Kevin Church
A Little Change

A one-man band with an occasional rhythm section, Charleston-based songwriter Kevin Church shows off all his talent on his sophomore effort, A Little Change.

Backed by Ben Meyer’s infectious percussion and bass grooves, Church handles all other instrumental duties on his own — vocals, guitars, harmonica, bass, and Hammond B5 Organ.

While Church strikes a solid chord on at least one “full band” tune, the rollicking “DC Town Blues,” he’s at his best when the arrangements are stripped down to the simplicity of a guitar and voice, as he typically performs.

The album’s dozen songs find their welcome highlight near the end with ninth track “Morristown.” The ode to rustic, rural Tennessee, set over a steady snare drum pattern and consistent finger-picking, recalls a Southern-bred take on a Springsteen-esque ballad.

Church’s influences are more obvious in the album’s early songs, including the catchy opener “Pretty Good” and the swanky title track that follows. It’s impossible to ignore the Dylan-esque vocals, except on the occasional line-ending tremolo notes.

The slinky acoustic-slide number “Man to Crawl” drops into a welcoming detour after the electric-based opening songs. “Cold Rain” continues the unplugged shuffle, a head-bobber backed by a reverb and vibrato-laden pattern.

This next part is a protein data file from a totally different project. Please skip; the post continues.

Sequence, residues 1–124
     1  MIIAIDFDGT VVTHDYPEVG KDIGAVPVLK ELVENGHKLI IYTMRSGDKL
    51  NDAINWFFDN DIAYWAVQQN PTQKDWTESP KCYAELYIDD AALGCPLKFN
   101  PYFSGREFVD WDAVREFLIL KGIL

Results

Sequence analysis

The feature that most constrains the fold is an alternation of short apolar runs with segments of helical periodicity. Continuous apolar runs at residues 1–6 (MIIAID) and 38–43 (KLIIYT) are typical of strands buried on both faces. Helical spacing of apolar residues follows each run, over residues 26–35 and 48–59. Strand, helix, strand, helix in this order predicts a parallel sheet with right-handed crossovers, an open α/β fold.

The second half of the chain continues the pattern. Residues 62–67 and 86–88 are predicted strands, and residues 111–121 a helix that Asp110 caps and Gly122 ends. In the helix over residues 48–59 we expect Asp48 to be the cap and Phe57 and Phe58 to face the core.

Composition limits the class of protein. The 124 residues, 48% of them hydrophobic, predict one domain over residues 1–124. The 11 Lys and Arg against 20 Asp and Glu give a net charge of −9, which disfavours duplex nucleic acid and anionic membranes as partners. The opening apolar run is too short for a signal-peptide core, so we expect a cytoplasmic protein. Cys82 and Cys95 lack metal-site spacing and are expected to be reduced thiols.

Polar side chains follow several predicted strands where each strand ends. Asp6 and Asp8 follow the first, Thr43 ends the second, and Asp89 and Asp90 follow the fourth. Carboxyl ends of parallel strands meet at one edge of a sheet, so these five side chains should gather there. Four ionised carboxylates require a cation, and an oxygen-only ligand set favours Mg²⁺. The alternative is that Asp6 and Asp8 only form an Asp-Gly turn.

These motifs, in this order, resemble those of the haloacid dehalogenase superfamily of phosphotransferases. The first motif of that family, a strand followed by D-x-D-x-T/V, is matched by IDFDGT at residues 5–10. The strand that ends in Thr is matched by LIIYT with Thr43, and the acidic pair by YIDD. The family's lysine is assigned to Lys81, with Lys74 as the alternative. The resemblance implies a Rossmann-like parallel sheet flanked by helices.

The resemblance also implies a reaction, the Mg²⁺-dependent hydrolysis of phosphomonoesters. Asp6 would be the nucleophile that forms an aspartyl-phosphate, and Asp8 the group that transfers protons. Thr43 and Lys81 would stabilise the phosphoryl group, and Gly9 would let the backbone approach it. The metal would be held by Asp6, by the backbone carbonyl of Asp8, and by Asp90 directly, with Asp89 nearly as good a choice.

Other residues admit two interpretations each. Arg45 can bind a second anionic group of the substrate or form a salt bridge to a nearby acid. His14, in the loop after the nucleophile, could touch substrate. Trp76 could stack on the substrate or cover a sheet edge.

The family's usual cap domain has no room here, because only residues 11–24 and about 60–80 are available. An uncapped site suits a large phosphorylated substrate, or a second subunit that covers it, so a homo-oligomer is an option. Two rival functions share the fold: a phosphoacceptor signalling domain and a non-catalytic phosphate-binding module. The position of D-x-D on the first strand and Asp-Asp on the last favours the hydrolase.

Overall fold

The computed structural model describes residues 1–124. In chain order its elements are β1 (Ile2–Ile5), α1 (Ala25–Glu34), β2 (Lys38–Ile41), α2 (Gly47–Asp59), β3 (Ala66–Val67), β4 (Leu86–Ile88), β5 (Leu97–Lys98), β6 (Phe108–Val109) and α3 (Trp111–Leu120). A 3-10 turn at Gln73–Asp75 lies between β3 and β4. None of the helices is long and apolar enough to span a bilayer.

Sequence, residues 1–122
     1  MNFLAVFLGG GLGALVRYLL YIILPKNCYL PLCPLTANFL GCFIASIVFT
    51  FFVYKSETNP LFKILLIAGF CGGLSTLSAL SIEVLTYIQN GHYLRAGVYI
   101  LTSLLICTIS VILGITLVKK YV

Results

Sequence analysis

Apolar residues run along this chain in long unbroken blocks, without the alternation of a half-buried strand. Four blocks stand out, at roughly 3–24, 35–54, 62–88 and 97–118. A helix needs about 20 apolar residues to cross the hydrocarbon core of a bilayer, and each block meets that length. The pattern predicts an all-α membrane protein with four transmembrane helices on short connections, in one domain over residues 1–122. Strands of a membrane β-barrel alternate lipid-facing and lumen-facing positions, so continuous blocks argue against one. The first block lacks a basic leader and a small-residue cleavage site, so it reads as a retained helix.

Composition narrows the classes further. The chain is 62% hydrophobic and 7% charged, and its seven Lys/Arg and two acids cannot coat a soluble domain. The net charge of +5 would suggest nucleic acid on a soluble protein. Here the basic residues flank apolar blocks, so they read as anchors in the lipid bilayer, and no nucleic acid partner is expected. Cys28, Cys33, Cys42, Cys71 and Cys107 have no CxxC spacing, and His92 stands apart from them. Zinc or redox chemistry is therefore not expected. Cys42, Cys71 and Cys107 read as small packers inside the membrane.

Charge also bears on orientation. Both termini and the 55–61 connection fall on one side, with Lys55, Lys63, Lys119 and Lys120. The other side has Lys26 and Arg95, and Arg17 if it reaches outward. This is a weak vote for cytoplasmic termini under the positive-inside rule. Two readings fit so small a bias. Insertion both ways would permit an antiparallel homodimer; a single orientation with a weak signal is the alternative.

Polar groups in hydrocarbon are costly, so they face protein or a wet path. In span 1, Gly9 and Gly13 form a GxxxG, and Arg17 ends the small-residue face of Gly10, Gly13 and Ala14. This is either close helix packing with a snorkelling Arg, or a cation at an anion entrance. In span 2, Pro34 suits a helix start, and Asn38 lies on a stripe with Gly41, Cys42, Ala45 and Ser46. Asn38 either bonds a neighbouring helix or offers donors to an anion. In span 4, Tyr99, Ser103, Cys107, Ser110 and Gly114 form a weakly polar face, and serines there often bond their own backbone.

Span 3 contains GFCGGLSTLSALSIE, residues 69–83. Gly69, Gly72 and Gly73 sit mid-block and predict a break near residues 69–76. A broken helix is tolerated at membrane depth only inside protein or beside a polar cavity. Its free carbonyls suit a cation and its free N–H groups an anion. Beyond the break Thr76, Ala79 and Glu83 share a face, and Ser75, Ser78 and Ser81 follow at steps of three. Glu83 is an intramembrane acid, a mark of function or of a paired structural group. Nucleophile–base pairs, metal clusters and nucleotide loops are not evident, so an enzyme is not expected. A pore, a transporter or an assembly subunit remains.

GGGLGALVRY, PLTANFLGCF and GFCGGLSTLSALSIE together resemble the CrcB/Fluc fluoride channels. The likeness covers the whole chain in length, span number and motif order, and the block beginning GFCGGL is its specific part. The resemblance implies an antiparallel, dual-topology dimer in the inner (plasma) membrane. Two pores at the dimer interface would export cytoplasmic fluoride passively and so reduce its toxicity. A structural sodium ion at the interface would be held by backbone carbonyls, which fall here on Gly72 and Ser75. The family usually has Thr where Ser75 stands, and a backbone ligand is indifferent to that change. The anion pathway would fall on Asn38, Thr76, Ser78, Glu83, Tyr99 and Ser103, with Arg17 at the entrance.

“New River Shore” continues the less-is-more approach, as Church sings like an old soul recounting a lost love. It’s a sad, sweet, matter-of-fact song with plenty of imagery.

It’s not until track six, however, that the listener appreciates the thought that went into the song order, as spare balladry drops unapologetically into the hip-shaking “DC Town Blues,” where Church’s vocals sound less like Dylan, adopting a signature twang of his own.

“Let’s Be Real” may be the self-made disc’s best example of layering, with a pleasant electric arpeggio chiming over some light strumming. That acoustic pop piece leads into the mostly forgettable “God Bless This Home,” before bouncing back into the album’s strongest track, “Morristown.”

Two more mid-tempo acoustic-and-drums songs follow: “Angelina” and “Whenever.” The latter is simple and strong, backed by spare drums and shakers — perhaps one of the more radio-friendly songs Church has written.

A Little Change concludes its second gradual transition from rock-and-roll to folk with closing track “Dear Old Chicago,” a haunting coffee-shop tribute to a city, the type of song almost every great singer-songwriter has at least one of in their bag.

Church is a relatively underground name in the Charleston music scene, but with A Little Change, he shows he’s got the necessary elements to make it as a songwriter. (